The name Doom Machine brings about a lot of imagery. It feels menacing and antediluvian, evoking a suffering that’s long-standing and ever persistent, worsening even. And, yes, I must draw parallels with our own reality which definitely qualifies for a doom machine and has for years, decades, and centuries. Miss Lava, a heavy stoner rock band from Lisbon, Portugal have their own interpretation of the doom machine, a complicated one.
During the development of what would become this record, a member of the quartet lost his very young son while others in the band also welcomed their own children into the world. For the band, Doom Machine is twofold: ‘this album reflects on how each one of us can breed and unleash our own self-destructive force, assembled to be part of a giant Doom Machine.’ The give and take of life cannot be understated, so Miss Lava don’t – they bake a deep respect for the topic into their sun-drenched music. With all that in mind, the album still has a uplifting vibe, as evident by the very first guitar licks of “Fourth Dimension”. Peep game.
Pitched as ‘the perfect soundtrack for a post-lockdown world,’ it may have come a bit too soon to enjoy under those specific circumstances, but its sound definitely backs those claims up. It is a force; unseen, but keenly felt, pushing you along the dusty roads you may find yourself on, willingly or otherwise. It’s the kind of music you hear when you have a mission to accomplish. That’s one of the many reasons I love rock like this: it carries momentum and has no problem with transferring it to you in waves, tickling your synapses and getting your feet moving. Makes me wonder why we don’t hear more people citing stoner rock as good cardio music. We’ll address that problem some other time.
Anyway, Doom Machine rips. Across 15 tracks and a little under an hour runtime, there’s a lot to love. It’s interestingly divided in such a way that makes it fly by, but also replayable and digestible to a high degree. There’s four interludes that stitch together the main eight substantial songs with atmosphere and more poignant instrumentation. The remaining three of the 15 tracks are bonus tracks – we’ll get to those later, they’re worth it. This formation, while not groundbreaking, really serves that momentum I mentioned earlier so well. While Doom Machine isn’t a traditional concept album, it flows similarly to one. If you’re curious, my favorite song combo is the ambient ocean wave interlude of “Terra” that gracefully flies into the title track, which has its own hints of broad space in the middle of commanding riffs and vigorous vocals.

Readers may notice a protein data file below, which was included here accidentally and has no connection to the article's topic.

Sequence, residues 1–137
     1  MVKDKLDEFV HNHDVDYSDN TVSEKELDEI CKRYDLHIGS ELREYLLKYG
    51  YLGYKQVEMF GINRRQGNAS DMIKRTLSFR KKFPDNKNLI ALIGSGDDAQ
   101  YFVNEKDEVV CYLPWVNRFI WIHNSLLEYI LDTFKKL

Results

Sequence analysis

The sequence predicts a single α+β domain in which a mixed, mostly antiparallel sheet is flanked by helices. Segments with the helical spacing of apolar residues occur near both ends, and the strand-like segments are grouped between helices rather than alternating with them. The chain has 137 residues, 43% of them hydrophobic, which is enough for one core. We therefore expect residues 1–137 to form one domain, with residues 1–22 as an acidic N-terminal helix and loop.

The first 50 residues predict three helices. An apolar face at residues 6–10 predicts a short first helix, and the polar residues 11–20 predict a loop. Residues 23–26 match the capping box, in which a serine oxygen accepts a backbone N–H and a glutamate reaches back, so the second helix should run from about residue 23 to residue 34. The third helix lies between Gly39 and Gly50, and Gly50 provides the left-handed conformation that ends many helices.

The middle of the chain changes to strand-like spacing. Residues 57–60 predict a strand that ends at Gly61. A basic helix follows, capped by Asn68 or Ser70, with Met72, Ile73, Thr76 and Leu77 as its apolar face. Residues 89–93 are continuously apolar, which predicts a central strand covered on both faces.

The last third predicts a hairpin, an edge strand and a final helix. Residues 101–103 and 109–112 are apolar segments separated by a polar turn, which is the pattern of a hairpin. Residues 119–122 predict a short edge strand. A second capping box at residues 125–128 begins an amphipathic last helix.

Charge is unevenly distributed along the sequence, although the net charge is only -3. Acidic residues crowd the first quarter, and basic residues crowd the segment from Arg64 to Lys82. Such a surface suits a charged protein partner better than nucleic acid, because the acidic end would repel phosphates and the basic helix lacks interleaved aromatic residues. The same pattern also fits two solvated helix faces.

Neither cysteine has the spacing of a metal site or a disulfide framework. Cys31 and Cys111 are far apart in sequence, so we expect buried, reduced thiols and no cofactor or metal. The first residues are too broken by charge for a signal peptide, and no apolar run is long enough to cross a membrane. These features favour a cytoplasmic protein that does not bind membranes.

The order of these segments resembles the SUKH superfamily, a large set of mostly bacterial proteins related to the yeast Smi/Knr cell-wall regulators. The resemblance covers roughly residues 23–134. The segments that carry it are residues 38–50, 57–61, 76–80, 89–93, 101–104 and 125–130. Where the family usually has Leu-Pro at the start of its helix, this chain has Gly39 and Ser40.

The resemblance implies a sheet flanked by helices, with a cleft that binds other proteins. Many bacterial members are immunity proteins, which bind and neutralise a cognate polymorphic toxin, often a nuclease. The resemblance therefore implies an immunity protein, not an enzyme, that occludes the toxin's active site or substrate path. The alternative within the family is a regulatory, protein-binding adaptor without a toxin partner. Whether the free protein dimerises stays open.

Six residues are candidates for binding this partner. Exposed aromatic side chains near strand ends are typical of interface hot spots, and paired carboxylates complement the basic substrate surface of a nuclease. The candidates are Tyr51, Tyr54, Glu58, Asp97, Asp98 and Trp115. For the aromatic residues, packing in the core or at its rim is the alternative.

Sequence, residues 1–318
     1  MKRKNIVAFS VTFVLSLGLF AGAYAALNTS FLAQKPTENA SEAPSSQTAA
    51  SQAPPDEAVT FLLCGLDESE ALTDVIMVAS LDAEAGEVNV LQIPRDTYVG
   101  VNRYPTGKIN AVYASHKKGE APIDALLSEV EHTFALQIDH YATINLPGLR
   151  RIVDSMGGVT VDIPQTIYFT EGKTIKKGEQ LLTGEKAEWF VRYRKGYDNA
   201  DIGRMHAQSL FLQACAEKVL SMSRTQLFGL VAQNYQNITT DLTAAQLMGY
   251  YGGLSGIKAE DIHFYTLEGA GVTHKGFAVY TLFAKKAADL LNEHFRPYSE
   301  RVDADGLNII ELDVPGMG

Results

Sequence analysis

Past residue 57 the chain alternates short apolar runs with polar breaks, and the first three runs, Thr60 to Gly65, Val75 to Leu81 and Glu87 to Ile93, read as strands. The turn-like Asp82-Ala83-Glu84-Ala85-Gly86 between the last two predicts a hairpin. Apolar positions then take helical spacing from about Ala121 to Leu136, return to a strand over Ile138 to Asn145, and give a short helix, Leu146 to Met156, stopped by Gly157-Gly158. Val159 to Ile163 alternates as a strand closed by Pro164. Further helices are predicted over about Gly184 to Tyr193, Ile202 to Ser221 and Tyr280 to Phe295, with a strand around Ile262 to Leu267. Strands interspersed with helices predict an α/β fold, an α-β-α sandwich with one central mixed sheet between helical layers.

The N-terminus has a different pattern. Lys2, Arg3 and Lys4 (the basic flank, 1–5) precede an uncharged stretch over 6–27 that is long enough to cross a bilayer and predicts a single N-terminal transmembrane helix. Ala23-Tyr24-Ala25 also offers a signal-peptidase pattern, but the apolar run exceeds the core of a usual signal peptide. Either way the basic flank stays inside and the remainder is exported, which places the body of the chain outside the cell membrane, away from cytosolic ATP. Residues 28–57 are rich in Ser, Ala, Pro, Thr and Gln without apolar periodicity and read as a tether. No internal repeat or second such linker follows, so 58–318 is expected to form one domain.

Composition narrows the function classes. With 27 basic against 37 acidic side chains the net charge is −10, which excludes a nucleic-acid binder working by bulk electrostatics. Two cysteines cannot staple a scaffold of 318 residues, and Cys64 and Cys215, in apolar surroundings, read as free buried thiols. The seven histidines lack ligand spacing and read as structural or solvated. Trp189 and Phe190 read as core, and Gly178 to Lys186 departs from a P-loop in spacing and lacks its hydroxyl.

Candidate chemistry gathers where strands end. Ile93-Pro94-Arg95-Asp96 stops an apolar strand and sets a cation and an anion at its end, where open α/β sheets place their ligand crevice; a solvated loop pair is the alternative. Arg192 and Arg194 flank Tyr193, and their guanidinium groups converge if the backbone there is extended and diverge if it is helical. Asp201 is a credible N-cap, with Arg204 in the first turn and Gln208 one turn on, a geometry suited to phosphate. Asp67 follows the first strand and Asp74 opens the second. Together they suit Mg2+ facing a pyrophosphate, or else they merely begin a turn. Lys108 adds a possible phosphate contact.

“The Great Divide” is a track that gets special mention as its themes of life and preservation of it on this planet are very salient and relevant to us as much as the greater message of Doom Machine. It’s more of a slower, pensive song among the list, one that could easily get some radio play over here in the States. Really though, it’s the raucous, energetic entries that really drive it home for me. “Fourth Dimension”, as stated before, sets the tone nicely and kicks things off with nice vibes. These are continued with “In The Mire” and its lurching build-up to a riveting, high-octane slapper of a track with crash cymbal-heavy drums and fervent attitude. I don’t know how you can hear songs like this without nodding your head.
It’s pretty clear from the onset that Miss Lava have a lot to give, if you’re willing to receive. Riffs, thoughts, and nuance for the like-minded rocker culminate in tracks like “Brotherhood of Eternal Love” and “The Oracle”, but you’d be remiss for not paying attention to their bonus tracks. Usually throwaways, I actually found some of the best moments of the album here. “God Feeds The Swine” has a thick Clutch vibe with its guitar effects and writing, bordering on Master of Reality-era Black Sabbath. “Feel Surreal” is the band at their fuzziest, capturing a great rhythm that doesn’t stop until “Red Atlantis”, the final bonus cut, which starts up with some wool-like textures and catchy guitar work. This record may run a bit long for a stoner rock album, but it makes nearly every moment count with some stellar stuff to get you going in these early January weeks.
Doom Machine was borne out of a duality of existence, blessed with the burden of life and wracked by the loss of it. It represents the beating heart as much as the ash it will inevitably turn to. Miss Lava feel profoundly primal with their execution of stoner rock, running hot and unchained like a volcanic eruption, becoming a new favorite of mine to watch in a genre that’s often rife with bands situated on the median of quality. This, though? This I like, and I think you will too if you have a penchant for kinetic rock and a wayward spirit that begs for release.